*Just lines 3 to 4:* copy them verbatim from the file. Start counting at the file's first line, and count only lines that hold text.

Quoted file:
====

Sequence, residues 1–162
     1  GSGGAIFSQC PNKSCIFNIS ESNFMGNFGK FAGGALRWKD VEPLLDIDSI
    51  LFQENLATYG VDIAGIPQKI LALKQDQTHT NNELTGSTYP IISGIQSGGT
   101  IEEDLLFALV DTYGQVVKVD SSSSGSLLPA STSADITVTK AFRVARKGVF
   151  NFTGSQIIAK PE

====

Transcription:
    51  LFQENLATYG VDIAGIPQKI LALKQDQTHT NNELTGSTYP IISGIQSGGT
   101  IEEDLLFALV DTYGQVVKVD SSSSGSLLPA STSADITVTK AFRVARKGVF